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Penalty free zone for unpaid super a disgrace

  Published: 25 Oct 2018

Industry Super Australia has called for an urgent overhaul of current penalty regime for unpaid super after a Senate Estimates Committee heard late yesterday that as many as 8 out of 10 employers have gone unpenalised for failing to pay super on time.

Under questioning from Senator Chris Ketter, deputy chair of the Senate Economics Committee, the Australian Taxation Office confirmed it:

  • Routinely fully waives all penalties for late payment of super (under Part 7 of the Superannuation Guarantee Administration Act);
  • Hasn’t levied a SINGLE 200% maximum penalty in the last five years;
  • Has even inappropriately waived a nominal $20 per employee administrative fee penalty up until 2017;

The concessions came after data presented to the committee by the ATO revealed just 5,296 ‘Part 7 penalties’ were applied to 24,634 employers in the ATO’s sights for failing to comply with the law by paying the correct super on time.

Industry Super Australia Deputy Chief Executive Matt Linden said the revelations suggest there is a basic failure to enforce the law which is very likely contributing to the problem.

“The wholesale waiver of statutory penalties prescribed under the law for failing to pay super on time is a green light to unscrupulous employers short-changing their workers’ super.

“The available penalties, which are equivalent to double (200%) of an employer’s super shortfall, are not acting as a deterrent if employers can agree to pay late and have penalties waived.

“The ATO’s so called ‘practical compliance approach’ is causing a textbook moral hazard where employers take the risk knowing they won’t be caught or even if they are simply pay what they should have paid anyway (with nominal interest) and walk away.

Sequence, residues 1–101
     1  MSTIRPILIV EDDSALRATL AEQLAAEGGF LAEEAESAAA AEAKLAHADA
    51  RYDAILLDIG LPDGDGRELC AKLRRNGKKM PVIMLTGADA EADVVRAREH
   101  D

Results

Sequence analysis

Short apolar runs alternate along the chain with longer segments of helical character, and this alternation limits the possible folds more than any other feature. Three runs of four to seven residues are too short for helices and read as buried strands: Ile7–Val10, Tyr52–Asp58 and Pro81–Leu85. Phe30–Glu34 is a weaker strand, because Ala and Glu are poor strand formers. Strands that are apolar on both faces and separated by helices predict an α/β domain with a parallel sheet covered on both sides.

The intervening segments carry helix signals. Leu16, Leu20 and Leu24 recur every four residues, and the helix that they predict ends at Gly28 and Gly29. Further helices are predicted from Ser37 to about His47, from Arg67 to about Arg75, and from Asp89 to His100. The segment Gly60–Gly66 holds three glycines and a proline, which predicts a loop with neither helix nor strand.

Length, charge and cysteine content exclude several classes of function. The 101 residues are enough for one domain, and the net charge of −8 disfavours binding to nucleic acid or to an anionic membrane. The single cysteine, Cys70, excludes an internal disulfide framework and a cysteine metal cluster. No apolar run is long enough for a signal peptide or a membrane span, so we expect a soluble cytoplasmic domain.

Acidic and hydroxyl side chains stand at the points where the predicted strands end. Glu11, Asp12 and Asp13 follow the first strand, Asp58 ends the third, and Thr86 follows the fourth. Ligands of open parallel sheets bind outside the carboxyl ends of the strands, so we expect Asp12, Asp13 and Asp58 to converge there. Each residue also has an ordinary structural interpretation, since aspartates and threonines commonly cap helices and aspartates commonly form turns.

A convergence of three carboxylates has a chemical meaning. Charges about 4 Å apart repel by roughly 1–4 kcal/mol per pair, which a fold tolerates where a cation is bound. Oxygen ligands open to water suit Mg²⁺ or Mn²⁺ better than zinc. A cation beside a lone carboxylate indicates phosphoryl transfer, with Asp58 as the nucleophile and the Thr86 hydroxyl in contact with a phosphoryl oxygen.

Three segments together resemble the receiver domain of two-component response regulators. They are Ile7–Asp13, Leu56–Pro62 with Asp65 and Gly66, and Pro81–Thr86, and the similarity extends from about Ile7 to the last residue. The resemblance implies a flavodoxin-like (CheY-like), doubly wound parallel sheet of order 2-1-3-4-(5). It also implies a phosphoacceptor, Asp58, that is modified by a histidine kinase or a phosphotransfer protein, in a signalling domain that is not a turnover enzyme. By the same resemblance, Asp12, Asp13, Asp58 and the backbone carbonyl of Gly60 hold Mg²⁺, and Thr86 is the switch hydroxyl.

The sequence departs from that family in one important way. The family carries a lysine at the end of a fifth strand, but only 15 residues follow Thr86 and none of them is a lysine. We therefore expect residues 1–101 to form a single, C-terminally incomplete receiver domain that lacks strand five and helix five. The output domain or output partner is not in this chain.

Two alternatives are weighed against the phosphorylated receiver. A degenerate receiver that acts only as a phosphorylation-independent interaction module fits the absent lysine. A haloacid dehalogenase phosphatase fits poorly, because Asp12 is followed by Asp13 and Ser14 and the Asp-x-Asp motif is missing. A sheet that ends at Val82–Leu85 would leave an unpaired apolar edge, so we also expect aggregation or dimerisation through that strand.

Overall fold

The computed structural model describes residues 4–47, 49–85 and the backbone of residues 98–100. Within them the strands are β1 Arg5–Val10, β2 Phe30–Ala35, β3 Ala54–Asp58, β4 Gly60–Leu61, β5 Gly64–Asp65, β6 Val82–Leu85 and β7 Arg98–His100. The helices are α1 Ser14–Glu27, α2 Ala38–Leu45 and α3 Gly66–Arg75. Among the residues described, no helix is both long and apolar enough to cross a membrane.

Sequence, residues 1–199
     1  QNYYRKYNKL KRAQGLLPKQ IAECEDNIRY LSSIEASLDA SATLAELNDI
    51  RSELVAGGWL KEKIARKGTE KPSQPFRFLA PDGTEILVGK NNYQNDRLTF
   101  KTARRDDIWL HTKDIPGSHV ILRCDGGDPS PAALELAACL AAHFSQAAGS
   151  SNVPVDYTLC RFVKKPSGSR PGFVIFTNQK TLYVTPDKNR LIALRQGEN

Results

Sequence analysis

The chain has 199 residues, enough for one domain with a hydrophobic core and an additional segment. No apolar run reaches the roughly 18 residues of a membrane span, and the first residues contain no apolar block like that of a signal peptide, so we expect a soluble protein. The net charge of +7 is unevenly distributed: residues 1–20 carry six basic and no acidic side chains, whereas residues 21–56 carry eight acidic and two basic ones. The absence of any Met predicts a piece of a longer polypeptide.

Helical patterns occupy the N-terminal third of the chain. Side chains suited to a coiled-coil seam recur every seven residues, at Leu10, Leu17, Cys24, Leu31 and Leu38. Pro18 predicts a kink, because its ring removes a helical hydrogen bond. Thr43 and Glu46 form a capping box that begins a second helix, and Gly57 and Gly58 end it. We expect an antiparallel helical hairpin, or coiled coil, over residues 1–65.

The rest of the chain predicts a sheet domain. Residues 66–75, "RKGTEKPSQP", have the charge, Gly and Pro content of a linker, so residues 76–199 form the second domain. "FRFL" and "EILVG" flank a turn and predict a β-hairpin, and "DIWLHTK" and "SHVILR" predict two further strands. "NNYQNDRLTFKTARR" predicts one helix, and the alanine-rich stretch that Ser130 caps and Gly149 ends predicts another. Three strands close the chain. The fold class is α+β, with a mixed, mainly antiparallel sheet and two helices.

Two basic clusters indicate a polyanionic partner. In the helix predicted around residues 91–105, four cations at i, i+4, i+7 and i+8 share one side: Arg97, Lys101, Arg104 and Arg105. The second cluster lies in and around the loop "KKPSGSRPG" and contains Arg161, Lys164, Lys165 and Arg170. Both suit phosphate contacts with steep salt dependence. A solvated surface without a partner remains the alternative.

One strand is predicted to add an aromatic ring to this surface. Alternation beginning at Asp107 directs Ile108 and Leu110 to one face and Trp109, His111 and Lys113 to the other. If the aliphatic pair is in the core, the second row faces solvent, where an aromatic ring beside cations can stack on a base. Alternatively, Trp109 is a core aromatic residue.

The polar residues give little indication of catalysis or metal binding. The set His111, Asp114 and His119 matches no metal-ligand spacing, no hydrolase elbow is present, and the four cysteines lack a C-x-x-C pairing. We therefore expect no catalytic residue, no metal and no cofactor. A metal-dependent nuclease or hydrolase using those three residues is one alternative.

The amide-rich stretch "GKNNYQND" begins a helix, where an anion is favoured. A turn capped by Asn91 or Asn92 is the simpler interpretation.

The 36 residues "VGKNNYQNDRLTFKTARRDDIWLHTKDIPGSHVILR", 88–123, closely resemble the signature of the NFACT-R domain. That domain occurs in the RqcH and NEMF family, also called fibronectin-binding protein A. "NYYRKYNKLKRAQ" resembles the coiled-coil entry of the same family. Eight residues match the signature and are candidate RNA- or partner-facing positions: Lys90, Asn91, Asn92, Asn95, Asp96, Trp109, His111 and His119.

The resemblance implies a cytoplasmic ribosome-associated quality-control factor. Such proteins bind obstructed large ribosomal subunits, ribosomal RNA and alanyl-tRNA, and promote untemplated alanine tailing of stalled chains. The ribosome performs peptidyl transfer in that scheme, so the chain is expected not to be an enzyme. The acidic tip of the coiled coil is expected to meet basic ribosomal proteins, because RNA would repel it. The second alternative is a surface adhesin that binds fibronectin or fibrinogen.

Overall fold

“This approach is undercutting the majority of employers who do the right thing and pay the correct amount on time.

“There must be minimum mandatory penalties unless there are exceptional circumstances such as natural disasters and other instances beyond the control of employers.

“The $20 per employee administrative penalty which the ATO is now apparently applying as a minimum is wholly inadequate and not even a parking ticket penalty.

“This $6 billion a year problem affecting one in three employees will continue to spiral out of control with such weak penalty enforcement,” Mr Linden concluded.

Matt Linden is available for interview. Media contact: Phil Davey 0414 867 188

Industry Super Australia provides policy, research and advocacy on behalf of 16 not-for-profit Industry SuperFunds who are the custodians of the retirement savings of six million Australians.

*The above material, whilst correct at the time of publication may include references or statements which are no longer current.

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